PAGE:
Turner and AT&T have also made moves to bring technology in-house. AT&T acquired Quickplay and Turner bought iStreamPlanet. Irrespective of the means, the moves are driven by the same rationale: bring a technology in-house and improve EBITDA. The expected benefits include speed to market and control of the technology roadmap. Reaping the upsides of these acquisitions can prove tricky and quite expensive. Retention of key people, culture, technology obsolescence all play against the acquirer. Disney’s move to secure a minority stake in MLBAM may prove a more fruitful approach albeit less controlling. All three of these examples are very capital-intensive and out of reach for many media companies.
So what’s next?
Taking the European market as an example, where similar competitive pressures have shaped the landscape, a few reasonable predictions can be made. In Europe, only a few cash-rich TV operators have kept all their operations in-house. Lacking the scale that exists in the US market, most TV operators outsource their operations to varying degrees. This has become an accepted practise for decades.
The fact that being “on air” is mission critical does not mean it needs to rely solely on internal capabilities. The BBC can hardly be taxed of complacency when it comes to security and on-air availability, yet the service has been outsourced for many years. It has achieved its renowned ironclad levels of reliability, all the while delivering good value for money. BT Sport has also opted to rely on an outsourced model to launch and operate its successful sports channels. It managed to be the first European sports broadcaster to launch a 4K channel, proving that outsourcing can actually deliver flexibility and speed.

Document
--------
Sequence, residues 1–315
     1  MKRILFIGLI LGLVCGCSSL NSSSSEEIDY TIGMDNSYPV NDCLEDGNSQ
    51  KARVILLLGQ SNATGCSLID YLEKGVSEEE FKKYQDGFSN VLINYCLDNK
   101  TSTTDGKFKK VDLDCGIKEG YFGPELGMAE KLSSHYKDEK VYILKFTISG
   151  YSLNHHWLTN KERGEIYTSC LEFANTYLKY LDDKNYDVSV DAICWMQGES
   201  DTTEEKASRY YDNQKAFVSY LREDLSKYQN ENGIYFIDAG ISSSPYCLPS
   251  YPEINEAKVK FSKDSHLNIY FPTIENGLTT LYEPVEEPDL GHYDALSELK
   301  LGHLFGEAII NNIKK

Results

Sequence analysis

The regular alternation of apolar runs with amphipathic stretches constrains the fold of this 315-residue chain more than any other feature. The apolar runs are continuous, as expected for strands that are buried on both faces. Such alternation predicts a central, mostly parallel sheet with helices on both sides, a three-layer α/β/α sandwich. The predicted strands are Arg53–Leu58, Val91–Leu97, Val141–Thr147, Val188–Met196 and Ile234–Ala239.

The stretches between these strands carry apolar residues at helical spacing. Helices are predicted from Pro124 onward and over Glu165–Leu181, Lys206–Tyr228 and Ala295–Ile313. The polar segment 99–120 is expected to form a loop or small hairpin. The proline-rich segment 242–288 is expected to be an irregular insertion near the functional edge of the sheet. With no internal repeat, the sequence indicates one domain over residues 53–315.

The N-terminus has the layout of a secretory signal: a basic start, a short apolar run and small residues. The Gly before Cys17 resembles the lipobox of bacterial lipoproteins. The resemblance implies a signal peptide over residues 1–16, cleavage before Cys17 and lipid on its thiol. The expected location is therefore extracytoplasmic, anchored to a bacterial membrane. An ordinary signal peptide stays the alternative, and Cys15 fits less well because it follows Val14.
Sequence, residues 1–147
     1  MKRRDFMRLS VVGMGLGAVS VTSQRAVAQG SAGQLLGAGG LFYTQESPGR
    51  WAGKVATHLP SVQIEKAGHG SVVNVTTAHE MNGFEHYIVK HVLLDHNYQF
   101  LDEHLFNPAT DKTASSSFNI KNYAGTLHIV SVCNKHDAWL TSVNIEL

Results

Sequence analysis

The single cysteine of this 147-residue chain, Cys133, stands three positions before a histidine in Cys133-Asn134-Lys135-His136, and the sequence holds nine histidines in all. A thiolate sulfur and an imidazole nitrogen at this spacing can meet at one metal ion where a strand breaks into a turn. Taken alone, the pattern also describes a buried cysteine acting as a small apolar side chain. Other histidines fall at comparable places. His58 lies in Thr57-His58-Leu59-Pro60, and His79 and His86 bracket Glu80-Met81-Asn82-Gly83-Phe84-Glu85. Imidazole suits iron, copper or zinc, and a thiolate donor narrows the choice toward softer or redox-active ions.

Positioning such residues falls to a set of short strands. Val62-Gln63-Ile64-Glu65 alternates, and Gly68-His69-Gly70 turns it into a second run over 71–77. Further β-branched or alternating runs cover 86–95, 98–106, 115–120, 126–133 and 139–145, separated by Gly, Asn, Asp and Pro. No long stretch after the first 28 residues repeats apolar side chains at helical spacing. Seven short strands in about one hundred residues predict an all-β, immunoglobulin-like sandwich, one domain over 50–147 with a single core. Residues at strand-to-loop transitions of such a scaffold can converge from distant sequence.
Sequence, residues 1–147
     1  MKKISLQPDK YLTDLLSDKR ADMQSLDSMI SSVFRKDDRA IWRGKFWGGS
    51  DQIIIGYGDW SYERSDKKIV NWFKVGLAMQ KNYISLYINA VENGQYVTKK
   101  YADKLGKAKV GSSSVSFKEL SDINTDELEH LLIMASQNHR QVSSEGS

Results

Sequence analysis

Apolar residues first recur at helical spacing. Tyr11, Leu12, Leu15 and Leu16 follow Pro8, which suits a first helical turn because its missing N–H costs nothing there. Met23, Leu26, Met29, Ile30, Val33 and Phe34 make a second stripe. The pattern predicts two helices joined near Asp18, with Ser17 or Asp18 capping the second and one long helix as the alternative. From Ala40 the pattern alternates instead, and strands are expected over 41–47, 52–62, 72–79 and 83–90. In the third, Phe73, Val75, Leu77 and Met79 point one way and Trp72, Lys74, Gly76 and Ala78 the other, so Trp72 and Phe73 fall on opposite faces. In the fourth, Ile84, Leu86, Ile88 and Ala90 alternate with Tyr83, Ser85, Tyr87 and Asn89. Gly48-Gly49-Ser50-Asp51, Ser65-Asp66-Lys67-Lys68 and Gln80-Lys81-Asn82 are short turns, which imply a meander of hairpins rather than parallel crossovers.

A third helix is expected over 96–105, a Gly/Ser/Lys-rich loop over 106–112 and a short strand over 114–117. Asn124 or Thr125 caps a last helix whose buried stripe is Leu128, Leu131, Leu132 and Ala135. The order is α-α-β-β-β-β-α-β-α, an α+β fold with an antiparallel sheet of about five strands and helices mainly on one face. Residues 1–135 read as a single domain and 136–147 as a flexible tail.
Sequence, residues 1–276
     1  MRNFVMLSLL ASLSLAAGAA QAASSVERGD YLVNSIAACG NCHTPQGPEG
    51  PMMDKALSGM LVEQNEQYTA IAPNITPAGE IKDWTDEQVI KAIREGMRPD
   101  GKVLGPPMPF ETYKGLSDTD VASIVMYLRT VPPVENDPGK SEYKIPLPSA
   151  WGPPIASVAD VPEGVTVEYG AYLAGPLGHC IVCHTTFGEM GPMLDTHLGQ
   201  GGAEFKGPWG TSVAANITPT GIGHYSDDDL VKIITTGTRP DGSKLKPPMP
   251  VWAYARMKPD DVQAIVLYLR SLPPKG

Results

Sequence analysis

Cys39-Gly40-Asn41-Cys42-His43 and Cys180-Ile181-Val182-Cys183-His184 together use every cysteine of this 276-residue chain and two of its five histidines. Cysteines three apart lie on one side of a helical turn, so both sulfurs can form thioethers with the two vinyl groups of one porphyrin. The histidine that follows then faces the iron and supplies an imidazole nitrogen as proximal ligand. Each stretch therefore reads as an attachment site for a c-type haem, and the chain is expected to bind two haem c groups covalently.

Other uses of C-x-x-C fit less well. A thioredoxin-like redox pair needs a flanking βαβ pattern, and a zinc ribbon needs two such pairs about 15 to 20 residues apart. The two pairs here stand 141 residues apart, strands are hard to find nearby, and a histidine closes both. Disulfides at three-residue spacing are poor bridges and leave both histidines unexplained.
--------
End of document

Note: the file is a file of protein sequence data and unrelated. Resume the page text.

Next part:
Benchmarks CFOs can ask for
If technology for media management, distribution (OTT and linear) is deemed to be strategic by CTOs, the driving principles for CFOs and CEOs is quite different. Is the business deriving good value for money? Is the capital well spent and furthering the company’s growth? With limited intimate understanding for media lifecycle management and technologies, challenging the costs of video services can be complicated.
One approach is to look into simple ratios. Financial ratios can be difficult to establish but simpler ratios can be derived with relatively rudimentary information. Understanding the level of staffing required to deliver a specific service, defining the ratios between managers and operators, estimating the volume of content handled by an operator will start to construct a picture that is quite telling. A comparison with best-in-industry ratios will measure the level of improvement or savings that might be derived from a rationalisation effort.